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The dreadful thunder storm at length is past, U7

The hour and its terrors are past, **

There is a flower, a little flower?

There is a land, of every land the pride, 80

There is not in this wide world a valley so sweet, 1«

The silver lamp burns dead and dim, jTM

The soft blooms of summer are fair to the eye 130

They bid me sleep—they bid me prayf 218

They have made her a grave too cold and damp 12*

Those evening bells, those evening bells 229

Thou art come from the spirits' land, thou bird 17

Thou fairy amorist! in the forest singing 131

Though time hath not wreathed,

Through many a land and clime a ranger »

'Tis thou that soothest the deathbed of the saint 117

'T»as summer, and a Sabbath eve - «U

Upon yon dial-stone *

Weep, Emmeline, weep

Weep not for me, mother! because I must die 17b

What hidest thou in thy treasure caves and cells? 82

What's earthly hope ?—a worthless thing •— 20*

When night sits on the earth, and tower and town - 158

When the last sunshine of expiring day ■»

When the sun is laid in his purple shroud **

When the sun shines out bright,

When years of pain and peril past, •• •— 1**

Where are you with whom in life I started **»

Who hushed my infant cares to rest • *

< Why loves my flower, (the sweetest flower,)' wj

Wild as the rocking of a bark upon a stormy sea 1H

With fruitless labour Clara bound, *

Yea,—if the world have loved thee not, l«j

Yes, thou art changed since Brst we met, ....

Yet half I hear the parting spirit sigh, » j**

Yes! I have seen the ancient oak „....- j .

Yet such the destiny of all on earth, ..........w...**«

THE

POETICAL MELANGE.

CUMNOR HALL.

The famous Earl of Leicester, Queen Elizabeth's favourite, was early married to the unfortunate subject of the following poem, by name Amy Ilobsart. Afier his advancement at Court, his former love to his Countess was changed into hatred, as he considered her as the only bar to his ambitions project of marrying Queen Elizabeth. Accordingly, far from bringing her to Court, he confined her in an ancient Gothic building in Berkshire, upon his manor of Cumnor, which had formerly been an Abbey. From this dreary solitude she disappeared so very unaccountably, and her husband's account of her death seemed so suspicious, that it was generally believed sbe was there murdered. The particulars which led to these suspicions may be found in a book called Leicester's Commonwealth, well known to book-collectors, and supposed to be written by Parsons the Jesuit. VOL. III. A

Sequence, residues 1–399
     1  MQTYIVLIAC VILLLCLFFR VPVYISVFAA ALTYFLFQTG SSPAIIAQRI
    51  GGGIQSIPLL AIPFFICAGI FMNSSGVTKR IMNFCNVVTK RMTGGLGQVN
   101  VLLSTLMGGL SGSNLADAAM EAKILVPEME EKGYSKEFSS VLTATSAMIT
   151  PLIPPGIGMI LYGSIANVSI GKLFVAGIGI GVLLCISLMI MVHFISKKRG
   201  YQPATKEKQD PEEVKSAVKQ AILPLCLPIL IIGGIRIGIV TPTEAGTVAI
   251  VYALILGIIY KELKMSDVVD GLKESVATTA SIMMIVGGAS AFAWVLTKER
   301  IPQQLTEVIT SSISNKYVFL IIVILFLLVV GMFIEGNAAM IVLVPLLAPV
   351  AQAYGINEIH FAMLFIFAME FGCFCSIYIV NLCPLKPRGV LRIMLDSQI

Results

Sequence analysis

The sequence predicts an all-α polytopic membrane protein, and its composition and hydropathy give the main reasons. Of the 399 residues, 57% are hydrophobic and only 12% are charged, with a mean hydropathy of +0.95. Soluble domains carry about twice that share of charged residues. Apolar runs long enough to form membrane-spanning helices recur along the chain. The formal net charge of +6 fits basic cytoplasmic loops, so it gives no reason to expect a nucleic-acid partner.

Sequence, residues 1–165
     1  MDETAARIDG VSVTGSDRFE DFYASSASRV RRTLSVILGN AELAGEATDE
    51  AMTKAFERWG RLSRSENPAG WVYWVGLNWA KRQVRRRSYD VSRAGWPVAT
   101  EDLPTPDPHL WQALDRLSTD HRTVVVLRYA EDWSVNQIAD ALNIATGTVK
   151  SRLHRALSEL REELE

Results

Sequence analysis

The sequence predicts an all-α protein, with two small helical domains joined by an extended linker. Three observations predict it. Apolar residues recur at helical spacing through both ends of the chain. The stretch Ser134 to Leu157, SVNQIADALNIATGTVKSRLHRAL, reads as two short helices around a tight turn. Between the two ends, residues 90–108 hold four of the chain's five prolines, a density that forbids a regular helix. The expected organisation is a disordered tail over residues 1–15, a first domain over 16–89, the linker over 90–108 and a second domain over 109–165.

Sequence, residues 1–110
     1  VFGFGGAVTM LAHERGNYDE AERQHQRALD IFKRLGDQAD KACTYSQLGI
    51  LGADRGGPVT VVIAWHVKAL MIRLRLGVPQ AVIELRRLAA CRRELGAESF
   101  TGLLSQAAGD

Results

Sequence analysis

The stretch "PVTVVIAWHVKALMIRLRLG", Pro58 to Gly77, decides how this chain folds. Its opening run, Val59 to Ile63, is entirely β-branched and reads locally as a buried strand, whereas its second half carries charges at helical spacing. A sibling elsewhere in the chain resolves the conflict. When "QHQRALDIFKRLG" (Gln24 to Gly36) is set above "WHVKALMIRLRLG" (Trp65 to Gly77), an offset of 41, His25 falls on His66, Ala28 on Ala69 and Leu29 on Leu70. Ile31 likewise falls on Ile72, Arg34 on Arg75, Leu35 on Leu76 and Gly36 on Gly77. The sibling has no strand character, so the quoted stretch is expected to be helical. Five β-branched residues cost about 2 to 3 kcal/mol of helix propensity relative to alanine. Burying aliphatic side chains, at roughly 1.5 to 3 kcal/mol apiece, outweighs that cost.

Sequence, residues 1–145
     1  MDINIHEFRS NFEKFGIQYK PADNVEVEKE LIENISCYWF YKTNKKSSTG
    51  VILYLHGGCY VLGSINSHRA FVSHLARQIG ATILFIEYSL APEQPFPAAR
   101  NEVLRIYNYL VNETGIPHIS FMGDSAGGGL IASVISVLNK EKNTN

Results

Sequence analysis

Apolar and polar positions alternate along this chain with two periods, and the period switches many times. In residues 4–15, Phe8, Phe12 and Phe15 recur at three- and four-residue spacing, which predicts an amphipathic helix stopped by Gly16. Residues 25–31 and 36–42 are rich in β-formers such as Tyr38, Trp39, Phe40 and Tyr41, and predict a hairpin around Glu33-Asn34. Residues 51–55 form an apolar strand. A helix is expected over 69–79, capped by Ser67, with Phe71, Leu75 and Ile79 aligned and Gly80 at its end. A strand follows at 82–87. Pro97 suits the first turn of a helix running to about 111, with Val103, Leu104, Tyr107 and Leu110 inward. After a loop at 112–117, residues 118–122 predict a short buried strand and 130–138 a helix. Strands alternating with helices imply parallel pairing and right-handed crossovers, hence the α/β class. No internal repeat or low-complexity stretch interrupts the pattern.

This beautiful ballad was written by William Julius Mickle, the translator of the Lusiad, and published in Evan's Ancient Ballads. The Author of Waverley's admiration of the ballad induced him to found, on the same incidents, the popular Romance of Kenilworth.

X He dews of night did falle,
The moone (sweet regente of the sky,)

Silvered the walls of Cumnor Halle,
And many an oake that grew tberebye.

Now noughte was hearde beneathe the skies,
(The soundes of busye life were stille,)

Save an unhappie ladies sighes
That issued from that lonely pile.

'Leicester,' shee cried, ' is thys thy love-
That thou so oft has sworne to mee,

To leave mee in this lonely grove,
Immured in shameful privitie?'

No more thou com'st with lover's speede,

Thy once-beloved bryde to see;
But bee she alive, or bee she deade,

I feare (steme earle's) the same to thee.

Not such the usage I received,

When happye in my father's halle;

No faithlesse husbande then me grieved;
No chilling fears did me appalle.

I rose up with the cheerful morne,

No lark more blithe, no flower more gaye;

And, like the bird that hauntes the thorne,
So merrillie sung the live-long daye.

Say that my beautye is but smalle,

Among court ladies all despised, Why didst thou rend it from that halle,

Where (scornful earle,) it well was prizede?

And when you first to mee made suite,
How fayre I was, you oft woulde saye!

And, proude of conquest—plucked the fruite,
Then lefte the blossom to decaye.

Yes, now neglected and despised,
The rose is pale—the lily's deade—

But hee that once their charms so prized,
Is sure the cause those charms are decide.

For knowe, when sickening griefe doth preye,
And tender love's repay'd with scorne,

The sweetest beautye will decaye;
What flow'ret can endure the storme?

At Court I'm tolde is beautye's throne,
Where everye lady's passing rare:

The eastern flowers, that shame the sun,
Are not so glowing—not so fair.

Then, earle, why didst thou leare those bedds,
Where roses and where lilys vie,

To seek a primrose, whose pale shades
Must sicken—when those gaudes are bye?

'Mong rural beauties I was one,

Among the fields wild flowers are faire;

Some countrye swayne might mee hare won, And thoughte my beautie passing rare.

But, Leicester, (or I much am wronge,)
Or 'tis not beautye fires thy vowes;

Rather ambition's gilded crowne

Makes thee forget thy humble spouse.

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. Then, Leicester, why, again I pleade,
(The injured surelie may repyne,)
Why didst thou wed a countrye maide,
When some fair princesse might be thyne?

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